I’ve been thinking a lot lately about where we’re headed as humans, which is probably unsurprising, given our current political climate here in the U.S. I have to admit to a fair amount of news-related depression these days. Donald Trump’s bizarre brand of nationalism and white supremacy, echoed in daily assassinations of black men by those we (the society of Americans) pay to protect them are only the tip of a rapidly melting iceberg, symptoms of a disease that is slowly rotting us from the inside out. I can’t help feeling, most days, that the species we fondly refer to as homo sapiens, and most especially that subspecies known as american has doomed itself to a very efficacious extinction.
Because I am me, I’ve been throwing my attention toward the future—using my generally optimistic view of our capabilities as a hedge against the pessimism I hold regarding our general nature, especially as a group. That means a lot of science (what we could do) and a lot of history (what we have done and—possibly more important—how), seasoned with generous doses of psychology, sociology, and cultural anthropology. I draw hope from the belief that we are absolutely capable of digging ourselves out of this hole we’re in, and that the first step in doing that is knowledge (science).
Which is to say, when the Gee gets down, the Gee goes full egghead.
And all of that is really just serving as background for my having seriously mixed feelings this morning when I discovered two seemingly disparate, yet completely connected things in my news feed.
The first is a report from New Scientist announcing the birth of the first baby conceived via a new technique that uses the DNA of three individuals as biological parents.
The idea behind this technique takes advantage of one of the cool things about cells and DNA, that is, that we have two types of DNA in each cell: most of it in the nucleus (core) of our cells, and some in the mitochondria (energy factories) of the cell. These two DNA strands are different, and some genetic disorders are specifically linked to one or the other type. These disorders are passed down maternally in a woman’s egg cells.
In this situation, the scientists circumvented a deadly mitochondrial DNA disorder by placing the mother’s healthy nuclear DNA into the eggs of a donor, one who had healthy mitochondrial DNA. In this way, the baby is still primarily related to both mother and father, but does not receive the damaged mitochondrial DNA. So far, the technique seems to be working.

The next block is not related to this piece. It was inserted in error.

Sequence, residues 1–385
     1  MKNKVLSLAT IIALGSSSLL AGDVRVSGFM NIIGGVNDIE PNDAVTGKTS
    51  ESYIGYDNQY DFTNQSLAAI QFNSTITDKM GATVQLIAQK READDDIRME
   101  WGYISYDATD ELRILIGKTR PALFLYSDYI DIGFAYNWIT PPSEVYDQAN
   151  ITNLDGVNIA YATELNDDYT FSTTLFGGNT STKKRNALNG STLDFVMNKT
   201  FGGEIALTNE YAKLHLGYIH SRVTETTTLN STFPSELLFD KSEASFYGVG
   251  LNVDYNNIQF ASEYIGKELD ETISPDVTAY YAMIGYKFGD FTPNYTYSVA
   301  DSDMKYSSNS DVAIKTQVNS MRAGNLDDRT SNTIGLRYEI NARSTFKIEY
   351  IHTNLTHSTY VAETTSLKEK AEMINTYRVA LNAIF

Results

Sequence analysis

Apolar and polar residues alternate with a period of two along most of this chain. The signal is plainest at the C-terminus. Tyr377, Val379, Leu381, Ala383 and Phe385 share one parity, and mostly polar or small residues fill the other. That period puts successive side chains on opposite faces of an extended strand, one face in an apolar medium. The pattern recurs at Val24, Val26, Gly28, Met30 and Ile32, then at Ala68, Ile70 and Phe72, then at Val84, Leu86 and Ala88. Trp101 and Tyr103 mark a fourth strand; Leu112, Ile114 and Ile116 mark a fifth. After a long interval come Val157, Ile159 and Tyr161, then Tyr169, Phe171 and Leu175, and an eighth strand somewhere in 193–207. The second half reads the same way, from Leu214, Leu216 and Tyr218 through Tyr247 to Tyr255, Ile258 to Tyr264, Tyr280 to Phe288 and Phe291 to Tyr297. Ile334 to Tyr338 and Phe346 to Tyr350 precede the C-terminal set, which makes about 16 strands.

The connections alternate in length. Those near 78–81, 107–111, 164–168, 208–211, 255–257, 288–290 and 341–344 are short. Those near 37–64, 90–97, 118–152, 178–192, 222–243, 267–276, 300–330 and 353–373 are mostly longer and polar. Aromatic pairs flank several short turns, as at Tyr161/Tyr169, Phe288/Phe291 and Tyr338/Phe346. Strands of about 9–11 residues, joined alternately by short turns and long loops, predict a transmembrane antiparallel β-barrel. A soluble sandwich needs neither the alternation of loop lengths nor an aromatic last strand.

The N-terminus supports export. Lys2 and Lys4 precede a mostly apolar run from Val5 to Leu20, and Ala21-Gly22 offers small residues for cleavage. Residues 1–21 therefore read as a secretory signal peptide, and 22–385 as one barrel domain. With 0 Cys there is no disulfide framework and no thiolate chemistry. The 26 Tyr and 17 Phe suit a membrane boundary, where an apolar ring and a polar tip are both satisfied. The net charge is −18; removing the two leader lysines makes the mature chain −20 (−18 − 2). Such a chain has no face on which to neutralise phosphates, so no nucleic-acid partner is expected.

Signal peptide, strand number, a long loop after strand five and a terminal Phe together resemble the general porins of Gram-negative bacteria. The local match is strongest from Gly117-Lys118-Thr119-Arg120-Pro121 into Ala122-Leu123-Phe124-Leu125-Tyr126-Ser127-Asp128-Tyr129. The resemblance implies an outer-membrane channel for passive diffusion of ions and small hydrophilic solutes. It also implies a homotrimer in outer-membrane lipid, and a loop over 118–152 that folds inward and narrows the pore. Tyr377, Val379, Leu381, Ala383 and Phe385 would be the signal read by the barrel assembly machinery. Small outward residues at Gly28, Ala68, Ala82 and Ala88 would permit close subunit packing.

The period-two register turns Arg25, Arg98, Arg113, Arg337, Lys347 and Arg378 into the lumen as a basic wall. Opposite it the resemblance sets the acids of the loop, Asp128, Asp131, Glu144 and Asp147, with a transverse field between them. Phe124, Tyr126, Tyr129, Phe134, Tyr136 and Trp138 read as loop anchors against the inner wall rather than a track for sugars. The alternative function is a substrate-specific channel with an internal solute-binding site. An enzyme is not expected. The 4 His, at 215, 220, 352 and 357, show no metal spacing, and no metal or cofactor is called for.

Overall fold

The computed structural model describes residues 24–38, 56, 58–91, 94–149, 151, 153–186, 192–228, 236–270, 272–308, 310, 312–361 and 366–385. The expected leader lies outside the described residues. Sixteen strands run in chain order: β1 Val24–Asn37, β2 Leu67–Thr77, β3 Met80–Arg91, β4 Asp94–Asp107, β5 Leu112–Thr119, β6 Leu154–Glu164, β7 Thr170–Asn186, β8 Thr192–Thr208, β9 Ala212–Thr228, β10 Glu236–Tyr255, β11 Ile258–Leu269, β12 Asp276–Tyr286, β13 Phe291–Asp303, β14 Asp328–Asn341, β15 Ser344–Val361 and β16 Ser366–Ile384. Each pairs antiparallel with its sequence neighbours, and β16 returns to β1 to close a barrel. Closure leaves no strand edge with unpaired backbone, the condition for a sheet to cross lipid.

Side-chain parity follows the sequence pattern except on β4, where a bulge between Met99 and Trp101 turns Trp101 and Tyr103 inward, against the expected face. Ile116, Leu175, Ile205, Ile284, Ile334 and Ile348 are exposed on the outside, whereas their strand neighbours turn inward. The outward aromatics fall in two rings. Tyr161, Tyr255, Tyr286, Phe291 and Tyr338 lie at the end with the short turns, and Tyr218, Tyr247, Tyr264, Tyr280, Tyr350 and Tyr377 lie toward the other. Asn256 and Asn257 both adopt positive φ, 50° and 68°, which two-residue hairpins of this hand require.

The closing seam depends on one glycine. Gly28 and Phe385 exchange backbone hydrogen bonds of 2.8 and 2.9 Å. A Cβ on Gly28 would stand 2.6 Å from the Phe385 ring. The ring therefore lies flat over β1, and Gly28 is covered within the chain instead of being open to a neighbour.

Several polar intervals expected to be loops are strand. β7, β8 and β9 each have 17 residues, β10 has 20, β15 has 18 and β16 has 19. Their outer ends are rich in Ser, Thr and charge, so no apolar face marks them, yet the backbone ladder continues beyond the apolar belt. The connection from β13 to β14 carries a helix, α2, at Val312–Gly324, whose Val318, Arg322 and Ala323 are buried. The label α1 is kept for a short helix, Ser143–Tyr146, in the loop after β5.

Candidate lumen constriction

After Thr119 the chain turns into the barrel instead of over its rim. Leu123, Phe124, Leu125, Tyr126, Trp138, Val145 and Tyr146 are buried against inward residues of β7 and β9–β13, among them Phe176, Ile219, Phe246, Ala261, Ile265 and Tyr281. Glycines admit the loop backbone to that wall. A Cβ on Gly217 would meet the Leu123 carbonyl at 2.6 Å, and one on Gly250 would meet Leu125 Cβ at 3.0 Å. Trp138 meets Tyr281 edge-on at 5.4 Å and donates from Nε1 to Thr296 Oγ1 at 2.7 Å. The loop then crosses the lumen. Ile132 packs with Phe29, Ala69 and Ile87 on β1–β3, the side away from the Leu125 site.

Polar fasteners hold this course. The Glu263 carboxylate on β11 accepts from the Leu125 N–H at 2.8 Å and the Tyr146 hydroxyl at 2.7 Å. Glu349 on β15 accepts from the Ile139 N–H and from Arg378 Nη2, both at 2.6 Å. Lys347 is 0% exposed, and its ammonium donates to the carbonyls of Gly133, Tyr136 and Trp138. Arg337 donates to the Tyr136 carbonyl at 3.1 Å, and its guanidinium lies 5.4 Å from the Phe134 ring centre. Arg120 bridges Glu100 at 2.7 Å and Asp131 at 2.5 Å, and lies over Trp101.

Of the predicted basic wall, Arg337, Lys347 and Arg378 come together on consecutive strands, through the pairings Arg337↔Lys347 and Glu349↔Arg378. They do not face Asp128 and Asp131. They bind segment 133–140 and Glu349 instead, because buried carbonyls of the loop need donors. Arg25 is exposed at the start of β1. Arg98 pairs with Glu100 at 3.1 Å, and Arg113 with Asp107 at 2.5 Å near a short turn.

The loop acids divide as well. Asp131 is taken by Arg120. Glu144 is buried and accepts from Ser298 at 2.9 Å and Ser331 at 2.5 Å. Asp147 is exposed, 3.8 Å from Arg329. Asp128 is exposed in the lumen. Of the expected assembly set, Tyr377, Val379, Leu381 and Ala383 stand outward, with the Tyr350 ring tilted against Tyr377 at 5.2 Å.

Now, the scientist and optimist in me is really excited about this. It offers a unique way to circumvent weaknesses in our genetic makeup, and I like the idea of a stronger genetic code on principle alone. Given that my pessimistic side is pretty convinced we’re doomed as a species, I’m all for giving the kids of the future as big a helping hand as we possibly can.
Additionally, there are interesting implications for those of us who believe in an expanded definition of the two-heterosexual-parents-only definition of “family.” While the genetic link to the mitochondrial donor is fairly weak, it is a link, and that is, well, kinda nifty.
The flip side is, of course, that the more we have the ability to choose what our kids look like, how their brains function, how their bodies perform, the more we have the ability to make mistakes, to be biased in favor of an ideal that might not, in reality, be so ideal. After all, evolutionary benefit often comes from something that looks like a genetic mistake. And we are extremely vulnerable in this area. Over and over again, we prove that we cannot tell the difference between “different” and “broken.”
Case in point: the study referenced in this story on NPR, in which researchers discovered inherent racial bias in preschool teachers.
Yeah, you read that right. Preschool.
There’s a lot of folks these days that want to pretend that systemic racism—and a lot of other bigotry and bias—doesn’t exist in our society. Or even that it’s somehow justified, that there’s a “correct” social order and that it’s topped by white, heterosexual men.
Studies like this counteract that. Studies like this show that we stack the deck against certain people from the very beginning. And this on top of the news from San Diego of yet another fatal shooting involving our police and an unarmed, black man.
In the face of all this, how can we possibly hope to evolve? How can we be trusted with the power to change our own genetic code?
I want us, as a species, to be better. Help me out—where do we go from here?